Sunday, December 1, 2013

My tent in the mist

This was my tent at the campsite during the last Bigfoot expedition in central Florida. The weather was cold but nice and the stars were brilliant the night before. This is what I am expecting tonight through Tuesday during the current expedition.

2 comments:

  1. I'm not some "debunker" or a person that is so naive as to think one of these animals will stop and strike a pose for photographers. I started going into the woods around '69 after seeing the Patty film on my grandparents TV.

    What you have so far on your blog is actually quite good. I've seen nor heard anything I would call misidentification so far.

    I'm not trying to tell you how to do your research but there are things I learned to look for when I lived in Louisiana and have seen in other Northern States.

    Bows: You'll know them when you see them because the top will be jammed into the ground or secured in some other fashion.

    Breaks: Again, you'll know them when you see them because they'll be twisted or there will be no reasonable explanation for a break.

    The fresher the better of course for the above.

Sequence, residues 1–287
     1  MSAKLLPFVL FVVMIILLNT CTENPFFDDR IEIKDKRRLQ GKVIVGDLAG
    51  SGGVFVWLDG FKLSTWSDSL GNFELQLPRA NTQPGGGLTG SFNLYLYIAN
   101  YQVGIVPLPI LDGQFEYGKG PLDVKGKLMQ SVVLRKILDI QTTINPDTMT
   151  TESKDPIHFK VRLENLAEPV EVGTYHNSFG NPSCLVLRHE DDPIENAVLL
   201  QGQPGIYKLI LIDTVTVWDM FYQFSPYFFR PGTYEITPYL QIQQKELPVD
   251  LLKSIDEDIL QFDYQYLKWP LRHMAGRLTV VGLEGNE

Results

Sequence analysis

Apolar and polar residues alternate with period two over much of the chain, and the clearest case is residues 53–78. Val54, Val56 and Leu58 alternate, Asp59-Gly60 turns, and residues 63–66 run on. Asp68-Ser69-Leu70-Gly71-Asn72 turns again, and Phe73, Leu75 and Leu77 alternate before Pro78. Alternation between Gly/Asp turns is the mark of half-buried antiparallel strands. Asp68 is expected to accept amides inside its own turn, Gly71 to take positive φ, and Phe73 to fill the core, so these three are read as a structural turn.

Sounds: don't just listen for howls or screams. These animals are excellent mimics. Pay extra attention to whistles or the bark a doe will make for instance. I personally have been within 20 feet of one that was peeping over the top of a myrtle bush and whistling just like a Night Hawk. Myself and my current lady friend have stood and watched one that was with a herd of doe and it ept circling the doe, while they were bedded down, and it was constantly barking. We have a recording of that in fact.

    I would also suggest watching the foliage closely. What you watch for is what most call formations. I have several pics that obviously were made by nature or man.

    Since fire ants are common here in Florida, watch for mound excavations as well. I've seen this in Louisiana several times.

    I've also come to the conclusion these animals are probably omnivorous and not likely to hunt down full grown deer. I've seen one drop a double handful of ripe muscadines and run from me on all 4's. I've also seen where one had hidden road kill in brush and kept the maggots cleaned off of it, then replaced the roadkill when it was no longer a fly breeding ground. In short, they're very intelligent opportunists.

    I now live in Eastern Jacksonville and am pushing 59 extremely hard. If you want to chat by chance I have a disposable email I can be contacted at. fletch with 2820 as one word at the y dot com.

    Regards.

    ReplyDelete
  2. Sorry about that. Re: formations. I have several pics that were obviously NOT made by man or nature.

    ReplyDelete

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